Ship navigates through ribbons of oil on the Gulf of Mexico, May 6, 2010. (Photo by Igor Podgorny/Greenpeace)

“The settlement provides the most benefit for the largest number of people,” said Summy today. “Its intent is to operate in an efficient and swift manner, providing fairer results than the Gulf Coast Claims Facility. It will also have the benefit of srict oversight by the very Court that has overseen this case from the beginning. It’s a win for the people and businesses that have been hurt.”

The proposed settlement does not include claims against BP made by the U.S. Department of Justice or other federal agencies, including under the Clean Water Act and for Natural Resource Damages under the Oil Pollution Act, or by the states and local governments.

The proposed settlement also excludes certain other claims against BP, such as securities and shareholder claims, and claims based solely on the deepwater drilling moratorium and the related permitting process.

Under the proposed settlement, class members would release and dismiss their claims against BP.

BP will assign to the Plaintiffs’ Steering Committee certain of its claims, rights and recoveries against Transocean and Halliburton for damages not recoverable from BP.

Transocean owns the Deepwater Horizon oil rig that BP leased to explore its Macondo Well about 40 miles south of the Louisiana coast. Halliburton was the contractor responsible for sealing the well with the cement that did not hold when the well blew out. The explosion killed 11 workers and injured 17 others.

Fire boat response crews battle the blazing remnants of the off shore oil rig Deepwater Horizon, April 21, 2010. (Photo courtesy U.S. Coast Guard)

In September 2011, the U.S. government published its final investigative report on the incident, stating that the main cause was the defective cement job, and Halliburton, BP and Transocean were each responsible in different ways.

The proposed settlement is subject to reaching definitive and fully-documented agreements within 45 days, and if those agreements are not reached, either party has the right to terminate the proposed settlement. BP and the Plaintiffs’ Steering Committee would then seek the court’s preliminary approval of the settlement.

Under federal law, there is an established procedure for determining the fairness, reasonableness and adequacy of class action settlements. Once the court grant preliminary approval of both agreements, there would be outreach to the public, including through advertisements and direct mail, to explain the settlement agreements, class members’ rights, including the right to “opt out” of the classes, and the processes for making claims.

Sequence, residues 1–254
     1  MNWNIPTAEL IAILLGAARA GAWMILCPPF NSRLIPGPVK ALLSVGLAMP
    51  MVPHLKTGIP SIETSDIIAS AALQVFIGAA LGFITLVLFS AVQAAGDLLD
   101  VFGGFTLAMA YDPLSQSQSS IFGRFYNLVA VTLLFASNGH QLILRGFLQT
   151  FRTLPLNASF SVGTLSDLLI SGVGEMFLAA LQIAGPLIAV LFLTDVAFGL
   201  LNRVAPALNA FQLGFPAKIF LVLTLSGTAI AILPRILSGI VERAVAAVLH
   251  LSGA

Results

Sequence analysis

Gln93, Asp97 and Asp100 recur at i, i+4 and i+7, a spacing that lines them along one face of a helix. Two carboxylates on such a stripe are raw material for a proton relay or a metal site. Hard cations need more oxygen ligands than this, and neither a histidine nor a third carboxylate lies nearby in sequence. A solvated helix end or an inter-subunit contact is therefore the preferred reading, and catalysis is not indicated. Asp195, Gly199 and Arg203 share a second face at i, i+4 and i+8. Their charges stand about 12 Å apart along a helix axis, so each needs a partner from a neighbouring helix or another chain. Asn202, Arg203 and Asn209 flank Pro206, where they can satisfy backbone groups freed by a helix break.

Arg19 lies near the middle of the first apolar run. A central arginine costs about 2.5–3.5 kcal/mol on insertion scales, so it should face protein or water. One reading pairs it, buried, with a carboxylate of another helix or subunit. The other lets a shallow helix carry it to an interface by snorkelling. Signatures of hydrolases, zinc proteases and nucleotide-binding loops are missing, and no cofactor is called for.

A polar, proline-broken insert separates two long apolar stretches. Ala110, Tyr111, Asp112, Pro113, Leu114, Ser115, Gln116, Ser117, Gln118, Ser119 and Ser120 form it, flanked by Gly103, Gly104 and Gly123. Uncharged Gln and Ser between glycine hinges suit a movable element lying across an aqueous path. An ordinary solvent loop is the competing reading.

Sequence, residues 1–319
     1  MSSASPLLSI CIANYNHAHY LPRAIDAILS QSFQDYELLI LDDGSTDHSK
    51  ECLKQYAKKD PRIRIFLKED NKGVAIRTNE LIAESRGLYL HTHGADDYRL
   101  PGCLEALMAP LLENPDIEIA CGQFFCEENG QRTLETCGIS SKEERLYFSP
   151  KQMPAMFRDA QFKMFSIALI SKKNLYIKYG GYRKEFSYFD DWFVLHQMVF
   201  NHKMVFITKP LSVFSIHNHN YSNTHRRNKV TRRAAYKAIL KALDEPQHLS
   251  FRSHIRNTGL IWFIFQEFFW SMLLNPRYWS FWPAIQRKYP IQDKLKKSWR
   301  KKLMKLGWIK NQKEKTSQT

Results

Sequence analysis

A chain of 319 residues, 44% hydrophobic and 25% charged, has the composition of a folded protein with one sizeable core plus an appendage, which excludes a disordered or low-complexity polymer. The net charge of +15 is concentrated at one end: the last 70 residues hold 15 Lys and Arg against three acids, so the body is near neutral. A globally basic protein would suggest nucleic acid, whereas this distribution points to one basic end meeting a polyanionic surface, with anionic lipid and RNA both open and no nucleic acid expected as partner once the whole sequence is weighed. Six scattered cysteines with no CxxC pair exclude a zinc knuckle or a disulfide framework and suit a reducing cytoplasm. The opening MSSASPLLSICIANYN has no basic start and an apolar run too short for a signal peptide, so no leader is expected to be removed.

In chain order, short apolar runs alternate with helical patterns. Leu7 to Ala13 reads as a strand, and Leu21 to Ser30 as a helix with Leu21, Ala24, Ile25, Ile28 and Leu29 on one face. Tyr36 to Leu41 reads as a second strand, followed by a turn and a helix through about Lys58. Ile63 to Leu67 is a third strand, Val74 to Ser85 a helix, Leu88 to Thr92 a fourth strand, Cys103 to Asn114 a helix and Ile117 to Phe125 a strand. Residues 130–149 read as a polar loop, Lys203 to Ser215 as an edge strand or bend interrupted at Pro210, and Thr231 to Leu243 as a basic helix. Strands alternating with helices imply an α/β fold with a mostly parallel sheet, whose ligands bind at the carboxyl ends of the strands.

The court would then conduct fairness hearings at which class members and various other parties would have an opportunity to be heard and present evidence. The court would then decide whether or not to approve each proposed settlement agreement.

The proposed economic loss settlement provides for a transition from the Gulf Coast Claims Facility administered by Kenneth Feinberg.

“The announced settlement in the Gulf is good news,” said Feinberg today. “It avoids a lengthy complex trial and uncertain appeals. I point with significant pride and satisfaction to the achievements of the Gulf Coast Claims Facility: reviewing over one million claims submitted by 573,000 claimants and paying some $6.1 billion to approximately 225,000 individuals and businesses in just over 18 months.

“I believe the GCCF has successfully fulfilled its mandate, and urge an orderly transition to the new proposed claims program,” Feinberg said.

A court-supervised transitional claims process for economic loss claims will be in operation while the infrastructure for the new settlement claims process is put in place. During this transition, the processing of claims that have been submitted to the GCCF will continue, and new claimants may submit their claims.

Payments in class action settlements typically are not made until after final approval of a settlement, but BP has agreed not to wait for final approval of the economic loss settlement before claims are paid.

{Editor’s Note: Environment News Service has published more than 50 reports on all aspects of the BP Deepwater Horizon incident. Click here for a list with click-through links to the full reports.}

Copyright Environment News Service (ENS) 2012. All rights reserved.